If the above examples lack levity, that’s perhaps as it should be. Where does Cousins get off playing games and making films in the spirit of fun? Can the impudent, untidy What is this Film… that cost the director under £10 to make be taken seriously in its time? One has to go back to the work of Chris Marker to find its personal, personable like, but with a gulf of thirty years between What is this Film… and Marker’s yardstick essay-film Sans Soleil (1983), the comparison must be of little consolation to Cousins, who fears for his film’s success even as it unfolds. He’s ‘unsure’, senses the film’s female narrator, whose third-person voice intersperses Cousins’s own; might it be ‘boring’?
Even without the world of film, Cousins’s deeply personal narration and, moreover, his putting himself in the movie is exception to the rule. Not much has changed since the publication of Lopate’s 1992 essay. It holds true today that ‘the hip, “transgressive” thing to do [with the essay-film] is satiric quotation, appropriation, and collage.’ This tendency is surely aggravated in the era of Instagram, which lets a person be myriadly versatile; when selfhood is elastic and oblique. When the smoke-and-mirrors of social media empowers a person in the fashionable aspiration to be complex and evanescent, all things to all people, who dares be unambiguously herself? Who dares be earnest, and ordinary?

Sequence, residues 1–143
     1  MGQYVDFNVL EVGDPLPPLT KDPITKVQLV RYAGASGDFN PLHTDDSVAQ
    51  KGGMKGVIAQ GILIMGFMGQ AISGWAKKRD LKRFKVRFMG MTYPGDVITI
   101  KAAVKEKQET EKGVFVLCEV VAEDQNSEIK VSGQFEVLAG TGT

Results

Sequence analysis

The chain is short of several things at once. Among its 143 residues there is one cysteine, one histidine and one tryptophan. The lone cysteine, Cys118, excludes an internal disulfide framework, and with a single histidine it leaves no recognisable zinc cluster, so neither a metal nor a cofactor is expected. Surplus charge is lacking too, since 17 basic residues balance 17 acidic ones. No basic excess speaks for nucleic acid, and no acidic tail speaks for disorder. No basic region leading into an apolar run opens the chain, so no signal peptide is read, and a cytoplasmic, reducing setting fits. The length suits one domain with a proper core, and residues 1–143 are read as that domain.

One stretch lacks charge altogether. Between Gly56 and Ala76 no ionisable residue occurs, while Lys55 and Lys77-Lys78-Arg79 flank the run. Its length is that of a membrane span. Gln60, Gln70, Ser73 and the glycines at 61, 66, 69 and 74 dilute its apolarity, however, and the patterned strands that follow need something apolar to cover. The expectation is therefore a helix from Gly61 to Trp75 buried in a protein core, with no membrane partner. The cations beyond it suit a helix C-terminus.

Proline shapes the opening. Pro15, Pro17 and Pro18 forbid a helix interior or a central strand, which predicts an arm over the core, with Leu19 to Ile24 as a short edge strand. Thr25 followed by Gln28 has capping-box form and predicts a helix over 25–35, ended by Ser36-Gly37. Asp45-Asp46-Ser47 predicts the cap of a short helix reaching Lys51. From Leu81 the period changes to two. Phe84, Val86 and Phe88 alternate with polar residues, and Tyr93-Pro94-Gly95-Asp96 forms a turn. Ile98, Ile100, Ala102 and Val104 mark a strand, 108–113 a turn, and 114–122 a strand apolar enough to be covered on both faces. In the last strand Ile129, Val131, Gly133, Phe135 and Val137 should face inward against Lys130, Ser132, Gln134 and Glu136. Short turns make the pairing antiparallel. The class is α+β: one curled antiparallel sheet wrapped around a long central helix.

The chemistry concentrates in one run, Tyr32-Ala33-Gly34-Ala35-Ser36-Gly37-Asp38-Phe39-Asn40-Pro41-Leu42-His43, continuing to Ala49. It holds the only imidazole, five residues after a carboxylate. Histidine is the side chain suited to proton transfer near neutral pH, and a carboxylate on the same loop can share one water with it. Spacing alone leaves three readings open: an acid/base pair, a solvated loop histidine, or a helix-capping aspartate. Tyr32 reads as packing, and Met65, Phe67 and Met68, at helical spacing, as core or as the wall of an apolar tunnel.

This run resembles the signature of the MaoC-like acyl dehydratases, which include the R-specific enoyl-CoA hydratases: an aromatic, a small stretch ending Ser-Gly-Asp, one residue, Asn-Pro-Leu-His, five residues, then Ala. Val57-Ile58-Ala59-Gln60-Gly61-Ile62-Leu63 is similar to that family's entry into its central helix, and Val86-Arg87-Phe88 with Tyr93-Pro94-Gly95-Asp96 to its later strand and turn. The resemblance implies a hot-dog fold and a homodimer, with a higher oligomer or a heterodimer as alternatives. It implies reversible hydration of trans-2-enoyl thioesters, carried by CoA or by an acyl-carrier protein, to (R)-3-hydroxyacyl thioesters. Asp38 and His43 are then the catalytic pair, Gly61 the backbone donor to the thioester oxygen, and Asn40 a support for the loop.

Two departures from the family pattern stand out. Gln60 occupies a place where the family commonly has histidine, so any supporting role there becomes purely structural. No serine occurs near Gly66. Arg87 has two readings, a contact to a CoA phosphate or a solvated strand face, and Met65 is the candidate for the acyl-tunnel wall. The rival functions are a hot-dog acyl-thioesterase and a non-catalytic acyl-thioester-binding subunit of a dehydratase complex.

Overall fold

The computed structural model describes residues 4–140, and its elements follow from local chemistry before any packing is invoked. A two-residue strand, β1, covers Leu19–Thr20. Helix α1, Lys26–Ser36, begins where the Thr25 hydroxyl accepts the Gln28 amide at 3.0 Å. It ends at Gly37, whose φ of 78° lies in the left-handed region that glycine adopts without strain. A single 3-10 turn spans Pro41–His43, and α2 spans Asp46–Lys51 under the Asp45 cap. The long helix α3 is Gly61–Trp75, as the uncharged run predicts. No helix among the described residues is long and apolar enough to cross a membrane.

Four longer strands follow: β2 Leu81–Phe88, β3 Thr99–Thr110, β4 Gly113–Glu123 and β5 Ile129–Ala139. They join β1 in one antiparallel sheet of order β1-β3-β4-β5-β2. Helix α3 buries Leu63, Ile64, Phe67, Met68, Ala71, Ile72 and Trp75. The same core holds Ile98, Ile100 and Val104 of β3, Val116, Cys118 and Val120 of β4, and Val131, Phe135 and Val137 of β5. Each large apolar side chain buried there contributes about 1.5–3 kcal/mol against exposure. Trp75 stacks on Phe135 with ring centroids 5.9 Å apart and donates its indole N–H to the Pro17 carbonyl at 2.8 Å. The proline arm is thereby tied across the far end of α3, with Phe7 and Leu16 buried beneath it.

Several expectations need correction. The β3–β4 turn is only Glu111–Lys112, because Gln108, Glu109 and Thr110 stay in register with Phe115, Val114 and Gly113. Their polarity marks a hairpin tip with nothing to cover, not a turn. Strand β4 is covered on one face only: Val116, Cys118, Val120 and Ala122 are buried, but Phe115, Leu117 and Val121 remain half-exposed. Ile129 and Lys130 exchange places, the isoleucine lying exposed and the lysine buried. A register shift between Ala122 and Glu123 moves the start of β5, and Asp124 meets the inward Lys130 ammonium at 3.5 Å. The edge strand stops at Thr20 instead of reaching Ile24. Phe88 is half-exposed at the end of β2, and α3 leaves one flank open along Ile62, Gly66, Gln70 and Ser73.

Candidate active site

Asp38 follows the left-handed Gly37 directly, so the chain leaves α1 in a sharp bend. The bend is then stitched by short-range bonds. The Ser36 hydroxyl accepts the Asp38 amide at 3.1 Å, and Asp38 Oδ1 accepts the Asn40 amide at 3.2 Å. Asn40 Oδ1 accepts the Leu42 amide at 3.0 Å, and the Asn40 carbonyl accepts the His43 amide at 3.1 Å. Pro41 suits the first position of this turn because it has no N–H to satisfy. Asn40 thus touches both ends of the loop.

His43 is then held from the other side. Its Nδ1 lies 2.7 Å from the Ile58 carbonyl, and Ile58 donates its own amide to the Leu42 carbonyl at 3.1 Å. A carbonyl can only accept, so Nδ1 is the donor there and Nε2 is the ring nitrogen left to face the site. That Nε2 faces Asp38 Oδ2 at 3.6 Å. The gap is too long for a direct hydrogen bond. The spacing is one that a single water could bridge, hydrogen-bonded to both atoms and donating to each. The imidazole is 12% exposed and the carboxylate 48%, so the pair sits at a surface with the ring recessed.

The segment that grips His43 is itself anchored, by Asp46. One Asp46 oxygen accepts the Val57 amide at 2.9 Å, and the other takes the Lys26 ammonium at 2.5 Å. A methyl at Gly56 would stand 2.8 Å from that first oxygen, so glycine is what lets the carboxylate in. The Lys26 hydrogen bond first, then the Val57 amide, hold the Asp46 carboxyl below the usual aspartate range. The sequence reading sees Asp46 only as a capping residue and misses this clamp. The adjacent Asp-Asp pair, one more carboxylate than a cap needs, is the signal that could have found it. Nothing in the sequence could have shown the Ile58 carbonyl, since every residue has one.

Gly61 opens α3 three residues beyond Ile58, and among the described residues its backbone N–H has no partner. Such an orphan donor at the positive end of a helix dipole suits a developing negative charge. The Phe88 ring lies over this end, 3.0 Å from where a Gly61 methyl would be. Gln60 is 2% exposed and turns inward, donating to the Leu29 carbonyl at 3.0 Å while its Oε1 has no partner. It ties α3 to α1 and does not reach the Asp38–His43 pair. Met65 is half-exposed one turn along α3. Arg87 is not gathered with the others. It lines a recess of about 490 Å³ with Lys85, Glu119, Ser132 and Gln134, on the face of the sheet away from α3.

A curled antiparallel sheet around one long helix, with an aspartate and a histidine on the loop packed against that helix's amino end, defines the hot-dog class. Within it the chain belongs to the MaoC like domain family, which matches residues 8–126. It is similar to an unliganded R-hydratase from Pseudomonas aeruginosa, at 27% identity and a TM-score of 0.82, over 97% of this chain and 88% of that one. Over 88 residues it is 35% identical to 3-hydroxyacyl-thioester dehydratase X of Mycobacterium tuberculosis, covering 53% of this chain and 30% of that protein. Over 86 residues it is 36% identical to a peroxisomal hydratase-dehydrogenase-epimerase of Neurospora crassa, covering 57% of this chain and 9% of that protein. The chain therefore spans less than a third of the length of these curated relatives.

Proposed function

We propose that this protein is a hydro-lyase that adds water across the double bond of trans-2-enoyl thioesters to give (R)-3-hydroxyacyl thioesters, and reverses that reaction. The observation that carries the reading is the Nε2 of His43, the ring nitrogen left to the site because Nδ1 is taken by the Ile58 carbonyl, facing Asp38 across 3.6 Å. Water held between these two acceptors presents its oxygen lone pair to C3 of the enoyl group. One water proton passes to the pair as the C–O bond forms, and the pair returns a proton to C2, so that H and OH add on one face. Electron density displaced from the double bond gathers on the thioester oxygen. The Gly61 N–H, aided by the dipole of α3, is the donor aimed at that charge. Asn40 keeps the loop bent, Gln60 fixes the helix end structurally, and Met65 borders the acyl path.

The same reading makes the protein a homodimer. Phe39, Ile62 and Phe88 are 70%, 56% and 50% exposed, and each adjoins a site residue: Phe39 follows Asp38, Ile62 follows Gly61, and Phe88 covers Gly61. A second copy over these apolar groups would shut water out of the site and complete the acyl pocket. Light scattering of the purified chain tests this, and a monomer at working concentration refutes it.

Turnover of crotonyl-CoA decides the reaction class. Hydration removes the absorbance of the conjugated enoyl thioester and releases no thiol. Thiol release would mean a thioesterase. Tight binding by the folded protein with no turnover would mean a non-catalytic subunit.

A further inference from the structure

And if Cousins does, and is an open book, is it vanity? Marker didn’t think so: ‘Contrary to what people say, using the first person in [documentary] film tends to be a sign of humility. All I have to offer is myself.’ Cousins goes one further, resolving midway through his film before tramping, stripped, into the red terrain of Utah’s Valley of the Gods, ‘I realise that my body’s the best thing I have. It’s the most modern thing and the most fun.’ Mid formlessness, he circles round to form, his form – his ungainly nude, expressive of the nakedness of his film-making. ‘Too much of cinema seems seemly,’ he tells me, during an interview via email, ‘imprisoned by genre or story or commercial imperative. We need more shape-shifting, wildness, situationism, play and abandon. Just like in life.’
At any rate, Cousins put himself to the test when making What is this Film…, much as George Perec refused himself use of the letter ‘e’ when writing his 1969 novel A Void. This ludic sensibility that one might sooner associate with poetry (Gertrude Stein, Frank O’Hara, John Ashbery, Kenneth Koch) and the novel (Sterne, Firbank, Joyce, O’Brien, Calvino, Nabokov, Vonnegut) is not, Cousins assures me, limited to the printed word. Agnes Varda and Vilgot Sjoman made mischief, too, ‘and Orson Welles would have – if he’d made more essay-films.’ Cousins’s conviction seems to be that the essay-film is the mode of film-making most hospitable to fun – and ‘fun is huge,’ he says.